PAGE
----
BALTIMORE COUNTY RECOUNT | Fifty-four elections workers are now recounting more than 87,000 ballots In the Democratic primary recount of the Baltimore County Executive's race.MORE: http://foxbaltimore.com/news/local/recount-underway-in-baltimore-county-executive-race
Posted by WBFF FOX 45 on Thursday, July 12, 2018
After viewing the Fox 45 news video regarding the recount in the Baltimore County Executive race, it appears that the rules clearly laid out by the Maryland State Board of Elections may have allowed the recount to be hijacked as well.
The recount declared John Olszewski, Jr.as the winner by 17 votes. This quote about the process was taken from The Baltimore Sun:
How is it done? Elections officials will set up teams of bipartisan judges who will review ballots in groups of 50, placing the ballots in piles for each candidate. Any ballots with questionable marks will be sent to election board members for a ruling.
Sorry folks, we can’t place the blame on this debacle on a foreign entity, like the Russians, but rather on election officials who are entrusted with tabulating the final count to determine who will run in the general election to become the leader of one of the largest counties in Maryland.
Let’s take a close look at the impact this one election could have on other races throughout the state. In plain language, it boils down to a matter of the spelling of a particular candidate’s name, or whether the voter can comprehend the simple instructions listed below.
For those who are not as smart as a fifth-grader, the instructions shown above are quite explicit. They do not allow for what is now being interpreted as a valid vote, which could include such items as crossing out a candidate’s name, writing “yes” next to a candidate’s name, and other such nonsense.
This may become one of the most important constitutional issues facing our government officials.
We have been told that election officials are examining a voter who “over votes,” whatever the heck that means. As we stated before, instructions on how to vote are clearly stated, and each voter receives those instructions before going into the polling booth to cast their ballot.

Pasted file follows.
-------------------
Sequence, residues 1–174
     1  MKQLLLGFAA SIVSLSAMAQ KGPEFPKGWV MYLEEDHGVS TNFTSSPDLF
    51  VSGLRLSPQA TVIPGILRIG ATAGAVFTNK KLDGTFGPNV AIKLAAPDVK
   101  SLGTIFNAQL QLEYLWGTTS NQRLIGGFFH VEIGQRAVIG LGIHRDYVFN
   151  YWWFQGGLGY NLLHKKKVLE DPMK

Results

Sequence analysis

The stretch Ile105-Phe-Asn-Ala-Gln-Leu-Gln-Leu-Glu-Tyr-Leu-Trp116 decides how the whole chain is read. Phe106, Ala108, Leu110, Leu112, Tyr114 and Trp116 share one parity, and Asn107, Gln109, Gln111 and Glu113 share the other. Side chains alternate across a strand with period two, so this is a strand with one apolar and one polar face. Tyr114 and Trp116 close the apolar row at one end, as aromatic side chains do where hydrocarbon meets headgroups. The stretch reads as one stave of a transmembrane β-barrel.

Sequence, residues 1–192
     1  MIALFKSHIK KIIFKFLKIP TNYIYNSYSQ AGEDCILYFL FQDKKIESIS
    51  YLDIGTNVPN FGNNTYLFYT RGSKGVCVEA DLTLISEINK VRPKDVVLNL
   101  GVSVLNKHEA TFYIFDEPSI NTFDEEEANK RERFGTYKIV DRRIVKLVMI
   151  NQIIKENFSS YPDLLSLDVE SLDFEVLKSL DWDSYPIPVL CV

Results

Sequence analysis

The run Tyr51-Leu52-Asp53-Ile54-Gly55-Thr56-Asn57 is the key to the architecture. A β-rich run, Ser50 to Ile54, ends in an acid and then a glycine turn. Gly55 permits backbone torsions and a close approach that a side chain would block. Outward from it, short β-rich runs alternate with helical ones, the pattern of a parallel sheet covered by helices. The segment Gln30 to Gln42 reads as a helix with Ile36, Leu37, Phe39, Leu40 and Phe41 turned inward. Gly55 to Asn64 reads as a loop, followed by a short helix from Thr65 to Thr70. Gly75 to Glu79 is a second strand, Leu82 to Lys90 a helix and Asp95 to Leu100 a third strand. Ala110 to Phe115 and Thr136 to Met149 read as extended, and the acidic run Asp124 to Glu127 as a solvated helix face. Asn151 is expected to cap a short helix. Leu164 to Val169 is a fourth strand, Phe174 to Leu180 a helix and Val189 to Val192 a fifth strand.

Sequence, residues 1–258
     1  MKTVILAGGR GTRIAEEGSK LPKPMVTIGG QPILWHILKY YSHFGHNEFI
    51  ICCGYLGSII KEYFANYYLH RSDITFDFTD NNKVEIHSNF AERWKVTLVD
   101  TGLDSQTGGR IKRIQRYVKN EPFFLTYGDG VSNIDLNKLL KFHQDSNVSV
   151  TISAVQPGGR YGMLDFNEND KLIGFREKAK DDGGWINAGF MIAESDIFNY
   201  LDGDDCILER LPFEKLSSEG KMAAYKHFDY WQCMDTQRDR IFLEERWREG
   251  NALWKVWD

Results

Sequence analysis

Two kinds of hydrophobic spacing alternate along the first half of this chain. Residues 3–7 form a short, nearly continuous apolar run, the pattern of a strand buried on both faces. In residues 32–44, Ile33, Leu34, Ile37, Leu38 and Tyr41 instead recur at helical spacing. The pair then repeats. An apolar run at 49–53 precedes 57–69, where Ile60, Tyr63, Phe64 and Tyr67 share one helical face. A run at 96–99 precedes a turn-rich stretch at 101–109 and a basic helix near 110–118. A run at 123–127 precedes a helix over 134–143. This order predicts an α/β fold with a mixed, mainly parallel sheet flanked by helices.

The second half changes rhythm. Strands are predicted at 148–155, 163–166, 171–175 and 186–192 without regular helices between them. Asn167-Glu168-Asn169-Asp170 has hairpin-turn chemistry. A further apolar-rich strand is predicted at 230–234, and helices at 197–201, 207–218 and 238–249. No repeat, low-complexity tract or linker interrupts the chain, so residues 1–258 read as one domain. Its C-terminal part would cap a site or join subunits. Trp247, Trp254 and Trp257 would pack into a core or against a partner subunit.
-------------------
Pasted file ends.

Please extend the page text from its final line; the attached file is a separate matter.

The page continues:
According to the Fox 45 News report, election officials will allow a valid vote for Johnny Olszewski, Jr. if the voter colored in the “O” in the candidate’s last name. This issue opens a proverbial can of worms (or, more likely, a barrel of pythons) based on several factors that, to our knowledge, are unprecedented in any election.
Let’s take a look at some concerns there were brought to our attention in numerous phone calls following the Fox 45 News story:
- Does this establish a precedent for future elections?
- Who set the standards for this unusual type of voter counting?
- Would a person running for a political position be awarded a vote if someone colored in the letter O in that candidate’s name?
- Has this situation ever happened before?
This somewhat strange process harkens back to the 2000 presidential race involving George W. Bush and Al Gore, when we learned what a “hanging chad” was.
How can election officials allow the coloring of the letter “O” count? Is that letter an oval, as shown in the instructions? (It most certainly is not.)
Several community groups have contacted the Post and expect to file a formal complaint with the Baltimore County Board of Elections over this issue.
One of the callers suggested this was another corrupt move by the Democrats to have their “chosen” candidate make it to the general election, since he would continue the current “pay to play” system in Baltimore County.
Other callers suggested taking this issue to court based on the interpretation of the voter instructions by county election officials.
It should be also noted that those roughly 85,000 ballots were hand counted, which introduces the factor of human error as a possible contamination to the recount.
The volatile primary election on the Democratic side is bound to continue because the stakes are so high. Remember, the winner of this race will face-off against Republican candidate Al Redmer in the November General Election.
Stay tuned folks–this appears to be far from over.